A good news development story. Amid all the doom and gloom stories of Europe’s continuing economic problems, the 2013 Human Development Report of the United Nations Development Programme provides a cheerful diversion. The Rise of the South: Human Progress in a Diverse World argues the striking transformation of a large number of developing countries into dynamic major economies with growing political influence is having a significant impact on human development progress:

“The Report notes that, over the last decade, all countries accelerated their achievements in the education, health, and income dimensions as measured in the Human Development Index (HDI) — to the extent that no country for which data was available had a lower HDI value in 2012 than in 2000. As faster progress was recorded in lower HDI countries during this period, there was notable convergence in HDI values globally, although progress was uneven within and between regions …

“By 2020, according to projections developed for this Report, the combined economic output of three leading developing countries alone — Brazil, China and India — will surpass the aggregate production of Canada, France, Germany, Italy, the United Kingdom and the United States. Much of this expansion is being driven by new trade and technology partnerships within the South itself, as this Report also shows.

“A key message contained in this and previous Human Development Reports, however, is that economic growth alone does not automatically translate into human development progress. Pro-poor policies and significant investments in people’s capabilities — through a focus on education, nutrition and health, and employment skills—can expand access to decent work and provide for sustained progress.”

Australia fares well. I cannot remember the last time an international comparison made by a reputable organisation did not put Australia at or near the top of the countries doing best. And that UNDP report is no exception. It argues that what matters is not only the level of income, but also how that income is used.

“A society can spend its income on education or on weapons of war. Individuals can spend their income on essential foods or on narcotics. For both societies and individuals, what is decisive is not the process of wealth maximization, but how they choose to convert income into human development. [The table below] shows country successes in this respect, as measured by the largest positive difference between GNI per capita and HDI ranks.”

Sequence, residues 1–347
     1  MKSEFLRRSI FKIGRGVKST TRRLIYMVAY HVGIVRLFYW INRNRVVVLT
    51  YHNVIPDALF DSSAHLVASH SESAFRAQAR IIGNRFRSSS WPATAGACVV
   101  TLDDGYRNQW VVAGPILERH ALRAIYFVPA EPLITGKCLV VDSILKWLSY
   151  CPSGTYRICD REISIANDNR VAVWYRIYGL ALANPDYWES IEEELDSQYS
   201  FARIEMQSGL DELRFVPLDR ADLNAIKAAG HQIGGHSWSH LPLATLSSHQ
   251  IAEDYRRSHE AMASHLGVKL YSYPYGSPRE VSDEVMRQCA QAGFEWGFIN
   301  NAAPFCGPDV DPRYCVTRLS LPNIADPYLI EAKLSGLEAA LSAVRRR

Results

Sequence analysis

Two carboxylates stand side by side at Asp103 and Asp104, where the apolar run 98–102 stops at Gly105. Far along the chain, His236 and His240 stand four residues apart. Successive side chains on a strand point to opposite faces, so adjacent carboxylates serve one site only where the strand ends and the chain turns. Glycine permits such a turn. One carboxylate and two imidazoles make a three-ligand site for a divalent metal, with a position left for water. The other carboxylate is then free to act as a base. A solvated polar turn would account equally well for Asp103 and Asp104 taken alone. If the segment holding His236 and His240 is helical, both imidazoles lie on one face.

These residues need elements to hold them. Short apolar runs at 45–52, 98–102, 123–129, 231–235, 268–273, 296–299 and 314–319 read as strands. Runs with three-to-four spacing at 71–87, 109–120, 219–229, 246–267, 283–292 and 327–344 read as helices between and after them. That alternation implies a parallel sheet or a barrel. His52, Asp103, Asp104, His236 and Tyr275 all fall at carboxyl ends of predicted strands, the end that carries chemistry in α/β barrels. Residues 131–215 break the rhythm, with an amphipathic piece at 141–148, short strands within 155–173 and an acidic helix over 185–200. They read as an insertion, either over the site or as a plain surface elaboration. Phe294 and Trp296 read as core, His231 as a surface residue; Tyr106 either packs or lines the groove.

Those Chinese made iThings. A fascinating insight from the report … into the way that the final assembly of electronic products is about more than low wages:

“The iPhone and iPad, two popular technology products, are assembled in a firm in Shenzen, China, and sold worldwide at retail prices in the hundreds of dollars. The value of labour performed in China, at under $10, accounts for less than 2% of the cost of an iPad, while just 3.6% of the wholesale cost of an iPhone went to Chinese workers. The rest of the value is earned by suppliers of parts and components headquartered in Germany, Japan, the Republic of Korea and the United States. Korean firms LG and Samsung make the display and memory chips; Apple retains the product design, software development and marketing functions in the United States; and the assembly firm is owned by a company from Taiwan Province of China.

“The low share of value captured by workers in China could give the impression that assembly does not require much sophistication. This is misleading. While Asia is attractive because of cheaper wages, especially for semiskilled workers, a more important challenge for technology companies is managing global supply chains that involve procuring parts and components from hundreds of companies. This requires a rare combination of industrial skills, flexibility, speed and diligence at both the individual and collective levels. For instance, an Apple executive told The New York Times that ‘the US has stopped producing people with the skills we need’.

“Consider this incident from mid-2007, when Apple hastily redesigned the glass for the iPhone’s screen. The first delivery of a new load of strengthened, scratch-free glass arrived at a Foxconn plant in the middle of the night, and work started immediately. Within three months, Apple had sold a million iPhones. It took 15 days to hire 8,700 industrial engineers to oversee the 200,000 assembly-line workers eventually involved in anufacturing iPhones. Apple’s internal estimate was that a similar feat in the United States would have taken nine months.”

Forget about the horses, have a bite of lion meat. Representative Luis Arroyo has introduced a bill in the Illinois General Assembly to make it illegal to possess, breed, buy or sell lions for their meat.

While US retailers that sell lion meat, including ExoticMeatMarkets.com, say their meat comes from animals raised on a USDA-inspected lion farm outside Chicago, Arroyo told NPR “I’ve always thought of the lion to be the king of the jungle. I never knew that people were consuming lion meat. I don’t know who would want to do that.”

News and views noted along the way.